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Queensland’s new greenhouse gas guidelines put new fossil fuel projects to the test but let existing operators off the hook

Lock the Gate Alliance welcomes new draft guidelines (available herethat will clarify Queensland decision making powers to consider emissions generated overseas from coal and gas mined in the state as part of new fossil fuel projects.

The draft guidelines, released today, follow the landmark Queensland Land Court decision that refused Clive Palmer’s Waratah coal mine earlier this year, where for the first time the court ruled against a coal mine based on the climate impacts and consequent human rights impacts of its downstream overseas emissions.

However, Lock the Gate says the draft guidelines fail to adequately address the problem of greenhouse gas emissions from existing projects, including potent fugitive methane emissions.

Lock the Gate Alliance National Coordinator Ellen Roberts said, “Concerned Queenslanders have fought for decades to have coal and gas companies account for the environmental damage they cause through emissions created when their coal or gas is burnt overseas. 

“It doesn’t matter where the coal and gas is burnt, at the end of the day it all contributes to the climate crisis, which is leading to ever more severe fires, droughts, and floods here in Queensland.

“Lock the Gate Alliance strongly believes downstream greenhouse gas pollution should be considered when local authorities decide the fate of new coal and gas projects. Until the Waratah court decision earlier this year, Scope 3 emissions were not meaningfully considered when approving new fossil fuel projects.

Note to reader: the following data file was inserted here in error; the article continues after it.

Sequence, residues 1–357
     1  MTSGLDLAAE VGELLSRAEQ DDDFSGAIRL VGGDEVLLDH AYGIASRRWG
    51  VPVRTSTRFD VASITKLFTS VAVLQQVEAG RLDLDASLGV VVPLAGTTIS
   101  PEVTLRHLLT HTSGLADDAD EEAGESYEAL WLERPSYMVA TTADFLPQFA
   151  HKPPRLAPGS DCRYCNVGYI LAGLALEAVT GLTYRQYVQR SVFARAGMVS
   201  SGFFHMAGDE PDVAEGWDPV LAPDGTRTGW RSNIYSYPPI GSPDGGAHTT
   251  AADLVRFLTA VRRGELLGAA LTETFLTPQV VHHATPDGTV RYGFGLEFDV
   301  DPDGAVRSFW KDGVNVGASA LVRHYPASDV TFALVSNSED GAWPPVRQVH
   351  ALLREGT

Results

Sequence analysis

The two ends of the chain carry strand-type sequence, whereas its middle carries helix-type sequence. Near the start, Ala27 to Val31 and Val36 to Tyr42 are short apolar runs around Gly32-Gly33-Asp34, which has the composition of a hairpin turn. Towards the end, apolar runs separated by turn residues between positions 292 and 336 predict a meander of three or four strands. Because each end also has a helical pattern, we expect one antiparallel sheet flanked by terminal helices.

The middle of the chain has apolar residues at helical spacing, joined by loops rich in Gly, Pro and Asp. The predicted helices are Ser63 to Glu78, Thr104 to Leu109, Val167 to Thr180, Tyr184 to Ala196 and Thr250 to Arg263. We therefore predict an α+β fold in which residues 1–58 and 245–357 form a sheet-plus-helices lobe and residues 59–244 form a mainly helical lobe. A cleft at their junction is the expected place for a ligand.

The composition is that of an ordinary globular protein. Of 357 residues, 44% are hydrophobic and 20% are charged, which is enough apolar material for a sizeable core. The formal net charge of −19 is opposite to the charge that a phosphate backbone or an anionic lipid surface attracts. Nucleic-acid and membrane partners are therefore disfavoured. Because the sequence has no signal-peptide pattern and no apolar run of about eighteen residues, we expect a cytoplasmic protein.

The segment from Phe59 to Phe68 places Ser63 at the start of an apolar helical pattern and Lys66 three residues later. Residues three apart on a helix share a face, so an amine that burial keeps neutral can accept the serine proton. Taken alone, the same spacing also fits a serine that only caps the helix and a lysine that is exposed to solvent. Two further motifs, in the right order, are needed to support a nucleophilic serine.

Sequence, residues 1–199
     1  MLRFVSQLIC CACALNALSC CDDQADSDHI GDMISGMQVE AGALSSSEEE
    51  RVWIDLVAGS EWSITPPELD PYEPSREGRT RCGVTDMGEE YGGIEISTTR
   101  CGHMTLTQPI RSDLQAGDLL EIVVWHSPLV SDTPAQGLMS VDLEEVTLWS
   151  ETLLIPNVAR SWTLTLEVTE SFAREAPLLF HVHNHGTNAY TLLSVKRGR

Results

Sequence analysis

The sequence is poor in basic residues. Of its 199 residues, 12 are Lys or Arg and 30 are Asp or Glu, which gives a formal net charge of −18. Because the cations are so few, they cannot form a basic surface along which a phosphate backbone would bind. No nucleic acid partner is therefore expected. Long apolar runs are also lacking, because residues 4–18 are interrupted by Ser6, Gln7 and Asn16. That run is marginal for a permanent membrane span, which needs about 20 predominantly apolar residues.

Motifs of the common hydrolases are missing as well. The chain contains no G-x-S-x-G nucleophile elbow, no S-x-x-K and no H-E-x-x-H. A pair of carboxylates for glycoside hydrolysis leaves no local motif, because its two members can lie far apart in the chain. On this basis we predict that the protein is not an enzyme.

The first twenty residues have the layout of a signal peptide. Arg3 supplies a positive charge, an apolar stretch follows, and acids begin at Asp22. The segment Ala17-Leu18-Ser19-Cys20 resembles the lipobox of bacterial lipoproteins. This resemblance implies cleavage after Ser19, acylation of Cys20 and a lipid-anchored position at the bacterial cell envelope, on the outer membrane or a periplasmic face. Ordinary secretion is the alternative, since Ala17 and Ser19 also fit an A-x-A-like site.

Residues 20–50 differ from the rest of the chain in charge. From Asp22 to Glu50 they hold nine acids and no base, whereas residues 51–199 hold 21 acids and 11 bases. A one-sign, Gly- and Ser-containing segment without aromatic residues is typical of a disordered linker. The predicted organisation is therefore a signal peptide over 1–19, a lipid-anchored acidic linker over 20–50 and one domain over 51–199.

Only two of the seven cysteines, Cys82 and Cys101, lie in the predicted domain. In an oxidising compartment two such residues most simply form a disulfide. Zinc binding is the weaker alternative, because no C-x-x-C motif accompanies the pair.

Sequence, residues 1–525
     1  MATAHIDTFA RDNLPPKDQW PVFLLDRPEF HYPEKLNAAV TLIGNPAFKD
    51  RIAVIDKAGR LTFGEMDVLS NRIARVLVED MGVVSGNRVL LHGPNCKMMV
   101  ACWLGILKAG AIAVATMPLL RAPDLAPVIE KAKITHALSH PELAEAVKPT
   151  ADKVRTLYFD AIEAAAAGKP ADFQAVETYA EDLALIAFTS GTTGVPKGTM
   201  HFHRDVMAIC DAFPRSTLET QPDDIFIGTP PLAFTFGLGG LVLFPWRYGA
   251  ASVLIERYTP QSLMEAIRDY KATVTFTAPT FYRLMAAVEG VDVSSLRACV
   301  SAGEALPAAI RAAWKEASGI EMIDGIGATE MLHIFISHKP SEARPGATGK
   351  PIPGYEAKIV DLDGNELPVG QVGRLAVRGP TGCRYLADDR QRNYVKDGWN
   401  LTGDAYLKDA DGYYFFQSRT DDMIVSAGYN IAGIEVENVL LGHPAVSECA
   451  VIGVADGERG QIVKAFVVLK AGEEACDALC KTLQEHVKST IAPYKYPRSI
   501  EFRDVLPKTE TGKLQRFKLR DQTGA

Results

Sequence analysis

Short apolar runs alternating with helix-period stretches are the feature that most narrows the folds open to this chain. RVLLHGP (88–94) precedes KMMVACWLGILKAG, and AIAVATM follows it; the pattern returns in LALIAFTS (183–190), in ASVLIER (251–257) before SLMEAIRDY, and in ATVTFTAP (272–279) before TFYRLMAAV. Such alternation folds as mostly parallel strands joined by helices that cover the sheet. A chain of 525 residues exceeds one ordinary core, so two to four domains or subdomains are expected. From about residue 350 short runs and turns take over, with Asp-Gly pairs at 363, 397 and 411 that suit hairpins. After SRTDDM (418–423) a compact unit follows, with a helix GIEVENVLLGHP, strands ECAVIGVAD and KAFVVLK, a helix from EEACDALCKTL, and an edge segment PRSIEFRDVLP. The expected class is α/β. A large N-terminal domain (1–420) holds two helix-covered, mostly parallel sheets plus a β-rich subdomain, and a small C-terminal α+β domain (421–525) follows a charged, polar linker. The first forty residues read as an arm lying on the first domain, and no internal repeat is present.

“This is an important step forward, and reflects the global nature of the problem of climate damage. These guidelines don’t shy away from the climate catastrophe the burning of fossil fuels is causing. Thanks to anthropogenic global warming, Queensland is already hotter and dryer on average compared to pre-industrial conditions, and unless governments act fast to decarbonise, weather extremes are only going to intensify.”

Ms Roberts said while the guidelines were a step in the right direction, they didn’t go far enough in part because they won’t apply to existing projects.

“These proposed new rules need significant tightening if greenhouse pollution created through mining coal and gas in Queensland is to actually decrease. Existing coal mines and gas fields vent huge volumes of methane into the atmosphere. This is a potent greenhouse gas and will be the biggest source of Queensland’s domestic emissions by 2030," she said.

“This new government proposal would also allow new super emitting coal and gas projects to adhere only to the weak rules in the Federal Safeguard Mechanism, including letting mining companies offset 100 percent of their emissions. Queenslanders want to see coal and gas companies cleaning up their act, and pulling their weight as agricultural, manufacturing, and other sectors are.”


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